Antidiabetic drugs are starting to show reduced risks of HF, and this discovery has increased the focus on HF as a clinical endpoint in CV outcome trials. The EMPA-REG OUTCOME study (NCT01131676) was the first study to show a significant reduction of a primary CV endpoint with a glucose-lowering agent, the sodium-glucose co-transporter-2 (SGLT2) inhibitor empagliflozin. A noteworthy and unexpected finding of this study was that  empagliflozin reduced the HF hospitalisation by 35% compared with placebo. Other HF outcomes were also reduced including investigator-reported HF and death from HF.15 This effect seems to be common to all SGLT2 inhibitors; a systematic review and meta-analysis of randomised, placebo-controlled, CV outcome trials of SGLT2 inhibitors in patients with T2D found a 23% reduced risk of CV death or hospitalisation for HF.16

As with other CV outcome trials, EMPA-REG OUTCOME was not designed to determine the mechanisms underlying its results. A number of potential mechanisms have proposed, including haemodynamic changes related to plasma volume reduction and changes in renal sodium and glucose handling.17 In an analysis of renal outcomes of the EMPA-REG OUTCOME study, empagliflozin was found to reduce albuminuria in patients with T2D, irrespective of albuminuria status at baseline.18 SGLT2 inhibitors also increase renal uric acid elimination, which may contribute towards its cardio-renal effects.19 While analysis of the EMPA-REG data has not identified a mechanistic link between UACR and HF outcomes, it is an area that merits further investigation.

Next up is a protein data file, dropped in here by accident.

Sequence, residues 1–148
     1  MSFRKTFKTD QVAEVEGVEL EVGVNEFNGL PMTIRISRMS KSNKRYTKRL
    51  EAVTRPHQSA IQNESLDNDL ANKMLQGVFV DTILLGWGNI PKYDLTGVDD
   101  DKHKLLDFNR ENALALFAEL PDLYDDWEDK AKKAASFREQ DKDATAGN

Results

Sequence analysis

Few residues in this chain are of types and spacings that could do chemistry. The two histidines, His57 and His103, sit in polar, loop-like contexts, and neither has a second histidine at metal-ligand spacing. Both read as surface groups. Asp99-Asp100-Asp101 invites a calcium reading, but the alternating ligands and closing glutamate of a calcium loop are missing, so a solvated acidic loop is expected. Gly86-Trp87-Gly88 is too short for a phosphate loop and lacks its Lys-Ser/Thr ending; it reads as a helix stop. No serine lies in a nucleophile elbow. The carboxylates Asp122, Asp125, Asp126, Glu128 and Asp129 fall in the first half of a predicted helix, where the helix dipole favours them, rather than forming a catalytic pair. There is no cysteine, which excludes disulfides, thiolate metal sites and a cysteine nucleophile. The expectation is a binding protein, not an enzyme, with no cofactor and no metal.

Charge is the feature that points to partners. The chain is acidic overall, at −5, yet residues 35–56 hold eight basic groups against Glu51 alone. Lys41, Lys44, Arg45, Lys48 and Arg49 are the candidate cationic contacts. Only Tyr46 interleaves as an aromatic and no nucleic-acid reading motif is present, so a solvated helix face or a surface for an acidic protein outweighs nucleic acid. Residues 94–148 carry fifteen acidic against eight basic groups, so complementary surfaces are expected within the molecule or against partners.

Albuminuria as a therapeutic target in type 2 diabetes

Albuminuria is increasingly becoming recognised as a potential therapeutic target in T2D. A post hoc analysis of 23,480 patients with albuminuria and atherosclerotic vascular disease or T2D found that halving urinary albumin excretion over a 2-year interval predicted a 15% reduction in mortality risk during the subsequent 3 years, whereas doubling of urinary albumin excretion was followed by a 30% increase in CV events, a 40% increase in renal events, and a 50% increase in mortality during the same observation period.20 In addition, a UK cohort study of 11,074 patients with insulin-treated T2D and nephropathy found that a reduction in albuminuria, achieved through improvements in blood pressure or glycaemic control, is associated with a significant reduction in all-cause mortality.21

Antihypertensive drugs including angiotensin-converting enzyme (ACE) inhibitors or angiotensin II receptor blockers (ARBs) are known to be associated with substantial reductions of ∼50% in albuminuria, although there is considerable variability in response to treatment.22 The aldosterone antagonist  is known to be a beneficial treatment to reduce albuminuria in T2D patients with nephropathy.23 The recent TOPCAT study in HF patients (NCT00094302) found that spironolactone significantly reduced albuminuria compared with placebo, and that reducing albuminuria was independently associated with improved outcomes. In this study, increasing UACR was also associated with T2D.24


Until recently, HF has not been considered an important clinical outcome in patients with T2D. Albuminuria should be considered not only as an important risk marker but also an important therapeutic target for the prevention of HF in patients with T2D. The results of UACR tests should be considered during therapeutic decision-making in all patients with T2D. SGLT2 inhibitors appear to be an attractive treatment option for patients with T2D and albuminuria.


Support: No funding was received in the publication of this Insight article.

Published: 25 October 2019